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Bankruptcy Risk Scores

posted by Bob Lawless

People talk a lot about credit scores as if there is some magic number hanging over your head and that number is following you everywhere. Isn't there maybe even some commercial like that? Like many things, the perception about credit scores is generally correct but often wrong in the specifics. It is generally correct in that the credit score does follow you just about everywhere. One way, however, that the perception is incorrect in the specifics is that there is nothing magical about the particular scoring system that is used. It's all about the algorithm the credit scoring company uses.

What many people don't realize is that different creditors might use different internal scoring systems to make their own decisions. One such system is the "bankruptcy risk score," which purports to identify which borrowers are more likely to file bankruptcy. The credit scoring companies might tell me that this is not a "credit" score because it is trying to measure something else, but a rose by any other name .... even if these are not particularly sweet smelling roses. Jeremy Simon over at CreditCards.com recently called me about these bankruptcy risk scores, and the article he wrote is here. It's an often overlooked aspect of the credit reporting industry. You may want to check it out.


To me its not really "My" credit score or owned by me. It is the credit card cos., mortgage cos. etc. score or owned by them. They are the ones that pay to report not me. I think that is why people have a hard time correcting errors. They (Credit Reporting agencies) take the word of the entity that is actually paying the bills (so to speak).

Many, many months ago, I had written a short post about one of these models, noting that the creditors might be much better able to predict bankruptcy than the consumer. The prevailing theoretical model for credit and collection is that the debtor has "secret" information about their prospect for bankruptcy.



What's funny about these scores is that they're sometimes built using credit scores. So you take a FICO score and you layer on some other metrics and voila!, it's a bankruptcy risk score.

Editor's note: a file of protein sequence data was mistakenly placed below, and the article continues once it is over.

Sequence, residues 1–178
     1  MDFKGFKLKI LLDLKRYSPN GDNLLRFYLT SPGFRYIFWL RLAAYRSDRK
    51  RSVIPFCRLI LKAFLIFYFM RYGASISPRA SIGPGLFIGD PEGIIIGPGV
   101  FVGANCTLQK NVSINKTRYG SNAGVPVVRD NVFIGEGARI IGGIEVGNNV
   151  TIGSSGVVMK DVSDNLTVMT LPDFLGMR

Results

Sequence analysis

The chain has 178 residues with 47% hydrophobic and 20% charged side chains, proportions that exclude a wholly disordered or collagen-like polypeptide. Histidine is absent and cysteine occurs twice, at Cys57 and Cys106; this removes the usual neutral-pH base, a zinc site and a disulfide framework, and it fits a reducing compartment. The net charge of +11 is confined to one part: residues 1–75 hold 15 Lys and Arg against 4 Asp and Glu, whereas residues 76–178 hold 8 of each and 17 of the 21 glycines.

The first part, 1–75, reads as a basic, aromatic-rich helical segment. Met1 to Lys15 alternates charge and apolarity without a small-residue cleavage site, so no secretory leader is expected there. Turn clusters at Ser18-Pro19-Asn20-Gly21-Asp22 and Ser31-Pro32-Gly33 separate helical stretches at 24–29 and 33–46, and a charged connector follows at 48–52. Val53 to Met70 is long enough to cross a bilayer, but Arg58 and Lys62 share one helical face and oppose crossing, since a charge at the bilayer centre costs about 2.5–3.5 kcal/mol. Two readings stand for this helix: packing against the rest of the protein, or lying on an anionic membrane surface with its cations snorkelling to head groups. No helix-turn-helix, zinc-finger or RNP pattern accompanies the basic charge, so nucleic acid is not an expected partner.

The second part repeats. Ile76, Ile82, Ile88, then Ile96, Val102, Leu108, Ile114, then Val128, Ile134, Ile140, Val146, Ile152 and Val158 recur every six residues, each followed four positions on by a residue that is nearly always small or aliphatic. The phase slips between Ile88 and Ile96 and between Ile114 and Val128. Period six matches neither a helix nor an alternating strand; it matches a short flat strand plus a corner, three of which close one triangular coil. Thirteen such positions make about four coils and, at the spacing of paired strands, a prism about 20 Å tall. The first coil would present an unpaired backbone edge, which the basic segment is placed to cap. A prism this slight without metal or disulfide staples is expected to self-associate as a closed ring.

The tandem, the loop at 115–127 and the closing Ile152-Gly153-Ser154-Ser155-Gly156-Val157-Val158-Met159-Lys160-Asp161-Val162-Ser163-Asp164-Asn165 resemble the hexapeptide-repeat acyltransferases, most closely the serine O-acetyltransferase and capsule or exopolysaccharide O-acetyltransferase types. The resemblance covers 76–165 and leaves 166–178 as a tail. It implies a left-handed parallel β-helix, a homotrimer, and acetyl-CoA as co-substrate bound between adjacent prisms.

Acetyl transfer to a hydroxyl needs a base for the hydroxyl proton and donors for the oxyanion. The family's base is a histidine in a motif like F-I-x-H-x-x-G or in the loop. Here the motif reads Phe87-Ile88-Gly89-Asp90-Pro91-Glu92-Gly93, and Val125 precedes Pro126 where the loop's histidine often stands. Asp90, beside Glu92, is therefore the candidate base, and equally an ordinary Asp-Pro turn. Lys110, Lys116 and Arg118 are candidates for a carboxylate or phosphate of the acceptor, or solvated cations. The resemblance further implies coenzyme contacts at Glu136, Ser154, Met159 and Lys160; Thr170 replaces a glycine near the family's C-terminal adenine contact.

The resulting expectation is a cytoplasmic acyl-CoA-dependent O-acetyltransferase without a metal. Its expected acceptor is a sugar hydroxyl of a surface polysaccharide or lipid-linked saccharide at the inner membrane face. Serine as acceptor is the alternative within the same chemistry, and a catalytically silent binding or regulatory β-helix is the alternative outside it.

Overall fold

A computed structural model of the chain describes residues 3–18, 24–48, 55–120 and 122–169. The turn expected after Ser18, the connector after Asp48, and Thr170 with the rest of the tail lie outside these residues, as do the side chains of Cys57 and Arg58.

I'm very dubious about any such metric that uses FICO for a component because (1) no one knows exactly what's in FICO, and (2) FICO components could and probably do change over time as Fair Isaac refines its models. This means that any score based on a FICO score is using a variable it doesn't understand and that might represent different things over time as a component of its output.

What worries me with all of this is that financial institutions' regulators don't understand this sort of consumer credit scoring and the like any better than they understand corporate risk models. That strikes me as a disaster waiting to happen.

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  • As a public service, the University of Illinois College of Law operates Bankr-L, an e-mail list on which bankruptcy professionals can exchange information. Bankr-L is administered by one of the Credit Slips bloggers, Professor Robert M. Lawless of the University of Illinois. Although Bankr-L is a free service, membership is limited only to persons with a professional connection to the bankruptcy field (e.g., lawyer, accountant, academic, judge). To request a subscription on Bankr-L, click here to visit the page for the list and then click on the link for "Subscribe." After completing the information there, please also send an e-mail to Professor Lawless ([email protected]) with a short description of your professional connection to bankruptcy. A link to a URL with a professional bio or other identifying information would be great.